Talar fracture

Original Editor - Merlin Roggeman Top Contributors - Samuel Adedigba and Merlin Roggeman


A talar fracture is a break in the continuity of one of the bones that forms the ankle; the talus.This type of fracture often occurs during a high-energy event, such as a car collision or a high-velocity fall. Because the talus is important for ankle movement, a fracture often results in significant loss of motion and function. In addition, a talus fracture that does not heal properly can lead to serious complications, including chronic pain.[1]

Clinically Relevant Anatomy

The talus is the bone that makes up the lower part of the ankle joint (the tibia and fibula bones of the lower leg make up the upper part of the ankle joint). The talus sits above the heel bone (calcaneus). Together, the talus and calcaneus form the subtalar joint, which is important for walking, especially on uneven ground.[1]

The talus is the second largest tarsal bone. It is uniquely shaped and consists of a body, head, and neck. Approximately two-thirds of its surface is covered with articular cartilage.[2] The superior aspect of the body is widest anteriorly and therefore fits more securely within the ankle mortise when it is in dorsiflexion.

The talus has no muscle or tendinous attachments and is supported solely by the joint capsules, ligaments, and synovial tissues. Ligaments that provide stability and allow motion bind the talus to the tibia, fibula, calcaneus, and navicular.[3]

Mechanism of Injury

Most talus fractures are the result of high-energy trauma such as a car collision or a fall from height. Injuries from sports, particularly from snowboarding, are another, less common, cause of talar injuries.[1]

Fractures occur in all parts of the talus bone. Most commonly, the talus breaks in its mid-portion, called the "neck." The neck is between the "body" of the talus, located under the tibia, and the "head," located further down the foot. Another common site for talus fractures is along the outside of the bone where it juts out slightly. This area of the bone is called the "lateral process." Fractures of the lateral process often occur when the ankle is forced out to the side and are commonly seen in snowboarders.

Clinical Presentation[1][3]

Patients with talus fractures usually experience:

  • Acute pain
  • Inability to walk or bear weight on the foot
  • Considerable swelling, bruising, and tenderness of the hindfoot and midfoot
  • Gross deformity may be present, depending on the displacement of the fracture and any associated subtalar and ankle joint subluxation or dislocation

Diagnostic Procedures

Clinical examination of patients with talar injuries typically reveals swelling and hematoma about the ankle as well as limited range of motion at the tibiotalar, subtalar, and midtarsal joints. Patients are often unable to bear weight on the injured extremity.

Standard radiographic views include anteroposterior (AP), mortise, and lateral views of the ankle and AP, oblique, and lateral views of the foot. The purpose of the mortise view is to align the medial and lateral malleoli parallel to the tabletop, to better visualize the lateral aspect of the talus by preventing an obstructed view by overlap of the fibula. This optimized view can be obtained by positioning the ankle with 15°–20° of internal rotation.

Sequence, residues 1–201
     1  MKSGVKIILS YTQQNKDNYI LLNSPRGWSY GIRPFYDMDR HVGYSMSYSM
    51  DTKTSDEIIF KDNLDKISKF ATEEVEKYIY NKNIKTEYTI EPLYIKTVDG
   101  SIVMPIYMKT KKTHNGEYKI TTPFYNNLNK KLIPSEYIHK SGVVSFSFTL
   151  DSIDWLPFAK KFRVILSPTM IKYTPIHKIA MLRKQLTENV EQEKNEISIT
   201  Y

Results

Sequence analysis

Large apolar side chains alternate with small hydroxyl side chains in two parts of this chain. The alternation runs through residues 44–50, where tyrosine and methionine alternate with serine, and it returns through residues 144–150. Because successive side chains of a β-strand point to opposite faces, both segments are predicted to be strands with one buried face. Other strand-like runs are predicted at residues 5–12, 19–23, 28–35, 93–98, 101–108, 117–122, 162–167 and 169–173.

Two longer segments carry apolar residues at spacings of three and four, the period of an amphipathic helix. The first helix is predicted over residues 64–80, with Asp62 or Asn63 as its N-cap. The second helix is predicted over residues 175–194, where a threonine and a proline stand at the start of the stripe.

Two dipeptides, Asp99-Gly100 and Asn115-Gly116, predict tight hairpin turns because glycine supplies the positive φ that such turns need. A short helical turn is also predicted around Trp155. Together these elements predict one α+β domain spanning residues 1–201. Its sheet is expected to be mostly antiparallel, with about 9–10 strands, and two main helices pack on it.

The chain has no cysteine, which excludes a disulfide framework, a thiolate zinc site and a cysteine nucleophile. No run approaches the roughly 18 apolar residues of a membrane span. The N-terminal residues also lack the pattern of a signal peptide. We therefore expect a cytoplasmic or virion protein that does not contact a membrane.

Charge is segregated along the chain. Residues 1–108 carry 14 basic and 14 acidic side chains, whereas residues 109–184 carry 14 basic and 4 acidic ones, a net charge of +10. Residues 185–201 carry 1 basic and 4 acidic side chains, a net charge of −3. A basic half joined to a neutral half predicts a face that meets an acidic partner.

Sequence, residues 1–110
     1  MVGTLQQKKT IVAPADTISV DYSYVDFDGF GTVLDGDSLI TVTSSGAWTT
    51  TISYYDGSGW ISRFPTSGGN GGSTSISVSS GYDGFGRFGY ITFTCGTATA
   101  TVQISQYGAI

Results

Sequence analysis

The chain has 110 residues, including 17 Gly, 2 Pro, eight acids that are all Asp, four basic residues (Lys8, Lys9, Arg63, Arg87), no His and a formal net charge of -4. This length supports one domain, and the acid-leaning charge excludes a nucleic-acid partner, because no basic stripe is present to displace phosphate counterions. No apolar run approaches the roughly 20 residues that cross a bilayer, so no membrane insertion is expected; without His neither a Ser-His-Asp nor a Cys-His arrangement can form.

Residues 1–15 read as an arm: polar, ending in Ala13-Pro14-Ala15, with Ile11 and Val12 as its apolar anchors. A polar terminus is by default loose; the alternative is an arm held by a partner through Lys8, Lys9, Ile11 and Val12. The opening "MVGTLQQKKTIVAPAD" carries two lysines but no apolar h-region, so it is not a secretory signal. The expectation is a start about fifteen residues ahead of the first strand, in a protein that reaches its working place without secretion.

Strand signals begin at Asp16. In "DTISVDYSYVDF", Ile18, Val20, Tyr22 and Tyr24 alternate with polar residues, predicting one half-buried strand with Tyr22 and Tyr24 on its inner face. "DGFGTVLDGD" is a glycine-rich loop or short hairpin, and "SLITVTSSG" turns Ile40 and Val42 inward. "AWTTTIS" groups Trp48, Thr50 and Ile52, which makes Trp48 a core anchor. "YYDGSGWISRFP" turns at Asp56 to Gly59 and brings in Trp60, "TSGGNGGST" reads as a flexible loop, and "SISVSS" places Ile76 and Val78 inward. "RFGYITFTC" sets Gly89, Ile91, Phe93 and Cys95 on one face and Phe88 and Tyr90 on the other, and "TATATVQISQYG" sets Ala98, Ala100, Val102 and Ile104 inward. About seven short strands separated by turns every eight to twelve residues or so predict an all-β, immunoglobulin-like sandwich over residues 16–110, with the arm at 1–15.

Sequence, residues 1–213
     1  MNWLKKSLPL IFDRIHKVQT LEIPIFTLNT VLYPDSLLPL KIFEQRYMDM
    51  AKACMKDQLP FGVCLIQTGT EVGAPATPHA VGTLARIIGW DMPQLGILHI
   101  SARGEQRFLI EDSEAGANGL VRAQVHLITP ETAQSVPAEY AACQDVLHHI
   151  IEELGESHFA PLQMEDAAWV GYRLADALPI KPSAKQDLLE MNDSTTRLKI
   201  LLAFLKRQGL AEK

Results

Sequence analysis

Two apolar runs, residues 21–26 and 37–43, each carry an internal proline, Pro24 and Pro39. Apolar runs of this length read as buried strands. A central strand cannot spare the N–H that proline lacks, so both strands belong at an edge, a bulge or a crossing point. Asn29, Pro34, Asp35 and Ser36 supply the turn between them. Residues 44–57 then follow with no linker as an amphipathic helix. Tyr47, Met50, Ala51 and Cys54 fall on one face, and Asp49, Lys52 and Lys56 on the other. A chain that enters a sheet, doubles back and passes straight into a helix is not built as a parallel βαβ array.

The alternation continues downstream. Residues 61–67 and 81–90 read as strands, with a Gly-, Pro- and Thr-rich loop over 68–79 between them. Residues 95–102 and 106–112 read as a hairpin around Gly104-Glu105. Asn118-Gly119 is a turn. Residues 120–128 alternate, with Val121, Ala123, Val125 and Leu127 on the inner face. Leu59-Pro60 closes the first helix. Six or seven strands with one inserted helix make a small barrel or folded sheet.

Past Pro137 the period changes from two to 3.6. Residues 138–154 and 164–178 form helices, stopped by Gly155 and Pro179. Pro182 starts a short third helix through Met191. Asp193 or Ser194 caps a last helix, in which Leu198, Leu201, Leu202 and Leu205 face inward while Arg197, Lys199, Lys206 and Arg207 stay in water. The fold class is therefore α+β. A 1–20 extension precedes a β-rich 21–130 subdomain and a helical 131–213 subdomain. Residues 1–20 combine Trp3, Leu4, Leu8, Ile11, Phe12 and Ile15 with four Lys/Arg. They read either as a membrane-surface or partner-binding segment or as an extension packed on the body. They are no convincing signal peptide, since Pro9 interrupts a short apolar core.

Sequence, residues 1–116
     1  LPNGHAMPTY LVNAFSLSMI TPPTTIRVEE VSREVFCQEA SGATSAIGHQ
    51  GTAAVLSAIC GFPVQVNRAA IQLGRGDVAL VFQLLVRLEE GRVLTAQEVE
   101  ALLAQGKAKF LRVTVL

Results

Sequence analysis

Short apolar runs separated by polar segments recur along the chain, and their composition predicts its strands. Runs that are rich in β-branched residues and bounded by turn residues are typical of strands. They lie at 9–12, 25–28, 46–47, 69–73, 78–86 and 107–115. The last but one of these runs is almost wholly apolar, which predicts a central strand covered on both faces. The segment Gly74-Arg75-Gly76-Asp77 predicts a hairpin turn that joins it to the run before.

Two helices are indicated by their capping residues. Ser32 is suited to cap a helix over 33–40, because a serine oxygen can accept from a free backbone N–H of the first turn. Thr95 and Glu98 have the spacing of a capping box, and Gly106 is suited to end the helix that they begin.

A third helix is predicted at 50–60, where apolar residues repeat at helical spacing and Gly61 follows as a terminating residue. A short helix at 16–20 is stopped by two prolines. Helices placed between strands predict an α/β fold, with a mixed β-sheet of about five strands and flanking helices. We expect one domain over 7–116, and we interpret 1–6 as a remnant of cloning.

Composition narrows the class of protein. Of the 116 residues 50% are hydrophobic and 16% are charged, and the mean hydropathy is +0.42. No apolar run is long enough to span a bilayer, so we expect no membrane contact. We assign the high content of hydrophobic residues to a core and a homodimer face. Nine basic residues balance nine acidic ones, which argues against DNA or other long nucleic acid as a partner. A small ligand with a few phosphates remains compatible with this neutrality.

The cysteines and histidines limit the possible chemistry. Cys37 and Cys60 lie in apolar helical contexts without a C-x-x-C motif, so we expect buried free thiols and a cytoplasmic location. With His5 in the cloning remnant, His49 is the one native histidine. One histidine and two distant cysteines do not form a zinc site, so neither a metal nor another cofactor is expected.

CT, including coronal and sagittal reformatted images, is commonly performed for surgical planning if a talar fracture is seen or strongly suspected at plain radiography

Outcome Measures

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Management / Interventions

Immediate first aid treatment for a talus fracture, as with any painful ankle injury, is to apply a well-padded splint around the back of the foot and leg from the toe to the upper calf to immobilize the limb and protect it. Elevating the foot above the level of the heart helps to minimize swelling and pain. Specific treatment depends upon the severity and the type of fracture, so it is important to seek immediate medical attention.

Nonsurgical Treatment

Only fractures that are well-aligned (stable) can be treated without surgery. This is very rare in a talus fracture, however, because of the high-energy force that causes the injury.

Casting. A cast will hold the bones in the foot in place while they heal. You will have to wear a cast for 6 to 8 weeks. During this time, you will be asked to limit the amount of pressure you put on your foot. The goal is for the bone to heal enough for you to bear weight on it without the risk that it will move out of position.

Rehabilitation. When the cast is removed, your doctor will give you exercises to help restore the range of motion and strengthen your foot and ankle.

Surgical Treatment

If the bones have shifted out of place (displaced), surgery to internally set and stabilize the broken pieces results in the best outcome and reduces the risk of future complications.

Open reduction and internal fixation. During this operation, the bone fragments are first repositioned (reduced) into their normal alignment. They are then held together with special screws or metal plates and screws

Differential Diagnosis

  • Ankle sprains



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  1. 1.0 1.1 1.2 1.3 Orthoinfo.aaos.org. (2019). Talus Fractures - OrthoInfo - AAOS. [online] Available at: https://orthoinfo.aaos.org/en/diseases--conditions/talus-fractures [Accessed 31 Jan. 2019].
  2. Melenevsky Y, Mackey RA, Abrahams RB, Thomson III NB. Talar fractures and dislocations: a radiologist’s guide to timely diagnosis and classification. Radiographics. 2015 May 13;35(3):765-79.
  3. 3.0 3.1 Fortin PT, Balazsy JE. Talus fractures: evaluation and treatment. JAAOS-Journal of the American Academy of Orthopaedic Surgeons. 2001 Mar 1;9(2):114-27.